• Near Bredon’s Hardwick on the Worcestershire bank of the Avon, another anxious male was found on 16 July and, shortly afterwards, a flying young bird was seen.  This is a site recognised by the famer as a regular Curlew breeding field; he had seen a non-flying young Curlew a week earlier, and had therefore not cut the hay over a large part of the field.
  • It is probably significant that all three of the above sites are very secluded, with little or no disturbance from visitors (especially dog-walkers).
  • At several other sites along the Avon, both in Gloucestershire and Worcestershire, very agitated adults with the characteristic alarm call have been seen in the last ten days; young (flying or not) were not found, but were almost certainly present; the chicks’ natural reaction, even if they can fly, is to crouch in the grass, where they are very difficult to find.  So it is thought that at least three other pairs successfully raised young.
  • At some sites where breeding attempts had been noted earlier in the season, adult Curlews have been noted, but without the alarm calls and with no sign of anxiety.  It is thought that at these sites, the adults had lost eggs or young and were staying on near the site after the failure of their breeding attempt.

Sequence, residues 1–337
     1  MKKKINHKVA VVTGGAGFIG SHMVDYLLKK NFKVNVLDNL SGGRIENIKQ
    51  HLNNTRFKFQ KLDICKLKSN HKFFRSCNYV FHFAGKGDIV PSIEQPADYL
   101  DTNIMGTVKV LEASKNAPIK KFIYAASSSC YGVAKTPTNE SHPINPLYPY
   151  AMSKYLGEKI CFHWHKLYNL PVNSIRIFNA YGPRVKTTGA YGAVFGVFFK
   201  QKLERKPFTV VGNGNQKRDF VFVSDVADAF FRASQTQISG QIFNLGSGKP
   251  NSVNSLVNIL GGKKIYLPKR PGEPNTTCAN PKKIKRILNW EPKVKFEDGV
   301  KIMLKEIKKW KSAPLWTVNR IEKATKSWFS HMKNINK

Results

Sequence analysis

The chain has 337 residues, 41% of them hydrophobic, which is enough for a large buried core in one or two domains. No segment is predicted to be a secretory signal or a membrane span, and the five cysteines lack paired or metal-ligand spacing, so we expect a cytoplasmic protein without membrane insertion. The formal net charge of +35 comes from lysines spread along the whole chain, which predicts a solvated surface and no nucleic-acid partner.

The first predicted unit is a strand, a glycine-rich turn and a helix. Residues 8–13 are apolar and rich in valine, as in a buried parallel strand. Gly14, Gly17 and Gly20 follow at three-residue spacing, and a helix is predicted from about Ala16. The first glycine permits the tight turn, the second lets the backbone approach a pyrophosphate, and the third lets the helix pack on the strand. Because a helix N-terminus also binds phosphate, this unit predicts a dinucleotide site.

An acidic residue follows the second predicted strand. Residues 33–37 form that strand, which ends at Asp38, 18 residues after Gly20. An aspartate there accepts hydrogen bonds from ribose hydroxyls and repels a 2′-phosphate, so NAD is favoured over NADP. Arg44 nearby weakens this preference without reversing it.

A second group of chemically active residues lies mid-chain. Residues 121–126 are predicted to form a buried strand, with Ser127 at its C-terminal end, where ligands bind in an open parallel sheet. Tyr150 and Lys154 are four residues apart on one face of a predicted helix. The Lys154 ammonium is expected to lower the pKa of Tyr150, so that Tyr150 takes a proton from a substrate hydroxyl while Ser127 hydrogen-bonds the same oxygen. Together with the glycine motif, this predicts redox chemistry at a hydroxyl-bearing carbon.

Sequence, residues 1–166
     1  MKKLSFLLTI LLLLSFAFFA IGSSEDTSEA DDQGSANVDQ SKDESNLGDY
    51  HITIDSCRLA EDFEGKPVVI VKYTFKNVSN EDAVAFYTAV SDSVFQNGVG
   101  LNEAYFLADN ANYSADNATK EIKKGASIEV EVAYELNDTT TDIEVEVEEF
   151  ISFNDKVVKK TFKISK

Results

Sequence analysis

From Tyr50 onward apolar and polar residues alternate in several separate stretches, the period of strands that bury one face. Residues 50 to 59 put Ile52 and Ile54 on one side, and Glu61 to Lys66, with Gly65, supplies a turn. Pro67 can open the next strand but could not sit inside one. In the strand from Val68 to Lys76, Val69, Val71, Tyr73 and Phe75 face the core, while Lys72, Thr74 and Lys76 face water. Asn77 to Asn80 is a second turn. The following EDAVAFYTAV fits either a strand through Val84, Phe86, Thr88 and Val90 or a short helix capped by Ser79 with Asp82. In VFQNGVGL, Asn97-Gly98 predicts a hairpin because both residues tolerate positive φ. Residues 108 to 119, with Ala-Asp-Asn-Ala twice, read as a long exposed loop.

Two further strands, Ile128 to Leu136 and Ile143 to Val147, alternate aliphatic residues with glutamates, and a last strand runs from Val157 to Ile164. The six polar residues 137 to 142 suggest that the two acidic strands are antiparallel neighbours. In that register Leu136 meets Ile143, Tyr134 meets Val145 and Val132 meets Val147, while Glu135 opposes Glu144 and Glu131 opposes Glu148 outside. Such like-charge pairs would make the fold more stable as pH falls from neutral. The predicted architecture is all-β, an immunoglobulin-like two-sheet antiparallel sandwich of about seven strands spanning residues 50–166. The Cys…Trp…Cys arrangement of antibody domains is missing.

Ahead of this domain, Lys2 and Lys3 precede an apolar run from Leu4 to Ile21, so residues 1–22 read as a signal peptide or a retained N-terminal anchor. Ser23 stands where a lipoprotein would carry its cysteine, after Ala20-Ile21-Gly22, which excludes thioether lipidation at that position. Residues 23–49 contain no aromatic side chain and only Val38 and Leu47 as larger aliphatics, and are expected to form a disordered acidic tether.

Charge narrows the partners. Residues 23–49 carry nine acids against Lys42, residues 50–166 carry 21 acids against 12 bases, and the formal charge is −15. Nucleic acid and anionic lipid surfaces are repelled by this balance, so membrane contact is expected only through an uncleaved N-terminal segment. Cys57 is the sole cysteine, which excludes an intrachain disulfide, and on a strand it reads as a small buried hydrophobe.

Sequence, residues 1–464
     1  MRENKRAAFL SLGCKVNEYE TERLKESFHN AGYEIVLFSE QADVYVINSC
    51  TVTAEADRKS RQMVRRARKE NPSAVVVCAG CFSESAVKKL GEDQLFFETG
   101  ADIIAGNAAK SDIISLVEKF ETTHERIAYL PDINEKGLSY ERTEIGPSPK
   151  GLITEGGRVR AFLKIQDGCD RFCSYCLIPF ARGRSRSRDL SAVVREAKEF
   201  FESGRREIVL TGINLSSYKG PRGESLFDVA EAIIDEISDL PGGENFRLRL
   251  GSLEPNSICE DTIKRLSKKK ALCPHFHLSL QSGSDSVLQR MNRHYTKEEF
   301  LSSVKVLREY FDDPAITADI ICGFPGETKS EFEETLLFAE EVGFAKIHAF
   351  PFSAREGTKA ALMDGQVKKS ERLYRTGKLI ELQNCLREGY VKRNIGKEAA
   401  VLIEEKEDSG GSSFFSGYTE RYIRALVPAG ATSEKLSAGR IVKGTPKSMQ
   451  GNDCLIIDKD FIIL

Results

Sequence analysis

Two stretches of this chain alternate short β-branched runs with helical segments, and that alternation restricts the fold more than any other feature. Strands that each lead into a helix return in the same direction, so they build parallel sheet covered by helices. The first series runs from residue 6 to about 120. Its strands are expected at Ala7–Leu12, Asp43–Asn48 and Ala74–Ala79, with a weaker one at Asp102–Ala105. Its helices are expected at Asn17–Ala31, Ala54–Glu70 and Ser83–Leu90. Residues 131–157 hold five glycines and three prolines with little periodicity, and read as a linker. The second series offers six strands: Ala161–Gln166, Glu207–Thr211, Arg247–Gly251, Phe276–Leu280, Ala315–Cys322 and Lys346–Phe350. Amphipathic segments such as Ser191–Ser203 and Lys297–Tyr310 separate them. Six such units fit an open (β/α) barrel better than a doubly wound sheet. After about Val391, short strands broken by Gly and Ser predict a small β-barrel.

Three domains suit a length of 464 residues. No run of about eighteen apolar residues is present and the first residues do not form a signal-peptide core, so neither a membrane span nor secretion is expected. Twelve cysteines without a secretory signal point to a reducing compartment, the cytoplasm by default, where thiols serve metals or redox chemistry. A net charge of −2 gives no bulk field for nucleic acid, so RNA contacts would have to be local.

• Thus, at the Severn Ham, Tewkesbury, (where a pair successfully brought off chicks last year), the farmers who had hay cutting rights were all ready to delay hay making if young Curlews were found.  But although one (perhaps two) pairs of Curlews had tried to nest there, it seems they lost their eggs or young (probably to predators such as fox, crow or badger), so had no chicks by the time of hay making.
  • I am sure that there are more pairs that I don’t know about, especially further up the Worcestershire Avon.  I would be very pleased to have any more reports on the progress of the season, there or elsewhere.

More long-term issues:

  • Mary Colwell, who earlier in the year undertook a 500 mile from Northern Ireland to Lincolnshire to highlight the plight of the Curlew (see page 61 of the latest RSPB magazine, in a broad article on Curlews and other waders), has been back to Gloucestershire, together with Phil Sheldrake of RSPB.  We are planning an all-day workshop as a follow-up to Curlew surveys throughout lowland England (and as a prelude to efforts next year), probably on next World Wetland Day, Thursday 2 February 2017; watch this space for further details.
  • Despite my limited botanical knowledge, I have been looking more closely at the botany of hay meadows in the Severn and Avon Vales.  It seems to me that most Curlews are nesting on herb-rich ancient hay meadows, and that if you look after good hay meadows (a highly legitimate conservation aim in itself), you will protect many of the nesting Curlews (and other ground nesting species too – Skylark, Yellow Wagtail, Corn Bunting – and probably other nesting waders such as Lapwing, Redshank and Snipe, though these tend to prefer rather wetter sites than Curlew).   So I shall be talking to county record centres about marshalling botanical data, so that it becomes easier to identify and monitor the best hay meadows in each county (Top Twenty? Top Fifty?  Are they all recognised as SSSIs or Key Wildlife sites?).